Sam can be so stubborn… most recently, his refusal to wear a mask.
I begged him. He scoffed, said it was silly, too confining.
“It’s not all about you!” I snapped. “Think of our friends. It’s expected, after all.”
Grumbling, he finally relented.
He’ll make a great Yoda this Halloween.
Lisa Chambers is a Texas girl who loves writing (and reading) short stories.
Editor: But actually though: wear a mask!
The bumpy pumpkins all listed. We chose a large one with no redeeming qualities, just attitude.
Lid cut, insides scooped, a jagged face took shape. It grinned a lopsided grin.
On a street where every house had a perfect Jack-O-Lantern on its porch, ours was the one children loved best.
Candace Kubinec posts her stories at storydribbles.wordpress.com and her poetry at rhymeswithbug.com.
You failed your haunting final, so you are relegated to watching professionals do what you’re not licensed to do: lure the rest of your family to the shack in the woods, the one where you had your first kiss with your second girlfriend, the one where they found your body.
J. Bradley is a two-time winner of Wigleaf’s Top 50 (Very) Short Fictions. He’s the author of Neil & Other Stories (WhiskeyTit Books, 2018). He lives at jbradleywrites.com.
It wasn’t often you’d see Tillie without her broom.
From sunup to sundown she’d sweep the sidewalks, the streets, the floors of the little shack she called home.
After dark, she was nowhere to be found.
But on quiet nights, you could hear laughter as she streaked across the sky.
Susan Gale Wickes is from Indiana. Her only mode of transportation is her trusty SUV.
All Hallows Eve. The most popular haunted house in town was as dark as the inside of an uncarved pumpkin. Not one of its clockwork creatures was stirring.
The property was under new management. The penny-pinching promoter took one look at his scary electric bill and pulled the plug.
John H. Dromey has a story “Cross Genre Traffic Does Not Stop” reprinted online in Unfit Magazine.
Editor: I should have re-titled this story “Who Turned Out the Frights?”
Ingesting an alcohol pill containing enough units to ensure a buoyant mood at the party, I marvelled at my Halloween costume. Adorned with an inordinately bushy beard, thick-rimmed spectacles, breath-constricting jeans and tweed brogues, my vision of someone dubbed a ‘hipster’ from the olden days was my scariest effort yet.
Fee Johnstone is a managing editor of a medical journal who favours cats, craft beer, and cheese over most other things.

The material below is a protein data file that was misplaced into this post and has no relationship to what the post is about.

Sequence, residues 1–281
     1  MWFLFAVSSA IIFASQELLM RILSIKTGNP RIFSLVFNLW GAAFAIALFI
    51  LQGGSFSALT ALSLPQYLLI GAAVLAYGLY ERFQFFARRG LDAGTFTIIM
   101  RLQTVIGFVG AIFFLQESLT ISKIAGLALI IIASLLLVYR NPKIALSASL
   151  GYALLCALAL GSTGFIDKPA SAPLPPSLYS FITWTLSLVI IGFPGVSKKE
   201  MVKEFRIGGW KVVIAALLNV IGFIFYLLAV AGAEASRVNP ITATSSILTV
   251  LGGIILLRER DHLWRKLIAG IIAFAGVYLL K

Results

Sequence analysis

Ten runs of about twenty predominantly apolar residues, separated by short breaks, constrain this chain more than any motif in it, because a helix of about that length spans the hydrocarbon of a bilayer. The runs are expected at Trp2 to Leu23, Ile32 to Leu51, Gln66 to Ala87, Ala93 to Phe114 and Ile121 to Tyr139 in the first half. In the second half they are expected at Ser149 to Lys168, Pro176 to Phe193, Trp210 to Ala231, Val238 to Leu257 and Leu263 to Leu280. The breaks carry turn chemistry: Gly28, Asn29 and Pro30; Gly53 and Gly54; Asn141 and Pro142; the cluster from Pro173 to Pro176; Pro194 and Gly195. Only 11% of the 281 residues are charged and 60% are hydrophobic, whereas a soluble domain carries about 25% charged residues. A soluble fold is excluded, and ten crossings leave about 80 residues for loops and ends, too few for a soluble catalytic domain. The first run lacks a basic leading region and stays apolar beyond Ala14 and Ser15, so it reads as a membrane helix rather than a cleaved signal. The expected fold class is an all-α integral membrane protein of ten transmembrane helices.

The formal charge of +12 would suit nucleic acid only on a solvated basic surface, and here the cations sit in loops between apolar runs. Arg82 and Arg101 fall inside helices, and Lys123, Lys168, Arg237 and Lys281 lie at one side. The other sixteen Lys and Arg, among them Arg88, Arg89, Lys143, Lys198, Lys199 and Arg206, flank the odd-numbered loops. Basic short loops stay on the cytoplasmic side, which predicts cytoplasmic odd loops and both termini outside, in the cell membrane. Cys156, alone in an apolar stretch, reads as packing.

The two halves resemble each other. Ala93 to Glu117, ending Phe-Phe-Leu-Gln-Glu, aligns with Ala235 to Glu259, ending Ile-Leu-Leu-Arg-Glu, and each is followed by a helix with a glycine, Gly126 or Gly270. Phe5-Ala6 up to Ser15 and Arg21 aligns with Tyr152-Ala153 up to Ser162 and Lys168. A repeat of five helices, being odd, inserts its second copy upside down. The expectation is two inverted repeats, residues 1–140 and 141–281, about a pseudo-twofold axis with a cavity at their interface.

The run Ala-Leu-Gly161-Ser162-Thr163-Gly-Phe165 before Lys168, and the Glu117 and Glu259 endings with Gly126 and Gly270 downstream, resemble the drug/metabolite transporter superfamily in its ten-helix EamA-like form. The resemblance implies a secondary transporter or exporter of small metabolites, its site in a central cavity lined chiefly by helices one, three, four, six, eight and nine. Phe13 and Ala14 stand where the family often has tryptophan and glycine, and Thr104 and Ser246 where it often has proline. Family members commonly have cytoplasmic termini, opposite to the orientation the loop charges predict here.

My grandfather admits he originated the practice of handing out contaminated treats. Razors in apples. Pins and poisons in full-sized candy bars.
The risk of being struck by a car is four times higher on Halloween. He hoped to persuade paranoid parents into keeping their little darlings off the street.
Over the years Bob Thurber’s work has received a long list of awards and prizes. His most recent book is a collection of brief stories titled “Nothing But Trouble”. Visit BobThurber.net.
She used to wish on snowflakes for a man like him.
Glancing over, she thought, I wouldn’t mind Christmas mornings with you.
Giving her heart to him like a gift-wrapped present, she watched him open it.
Then realized that it was Halloween and he had been wearing a mask.
Lauren Layfield is a senior Multi-Platform Journalism major at Sam Houston State University. She is the former Assistant Campus Culture editor at The Houstonian, SHSU’s independent student newspaper.
In his basement, Hubert began the disembowelment.
His knife skillfully pierced the flesh with a surgeon’s deftness. Innards strewn across the floor, Hubert then turned his attention to the face.
Afterwards, with a sated grin, he admired his handiwork.
He inserted the jack-o’-lantern candle, ready to lure the next child.
Alison loves a good scare and has a dark sense of humor.
“I vant to suck your blood!”
“I’ll report you.”
“…Vut? Vut are you meanink?”
“I mean I’ll call the cops. Actually no, I’ll call a magazine and give them the scoop, first. You’re famous, right? I’ll get big bucks and your career will be over.”
“…And zey call ME bloodthirsty.”
Tim Sevenhuysen is the editor of FiftyWordStories.com.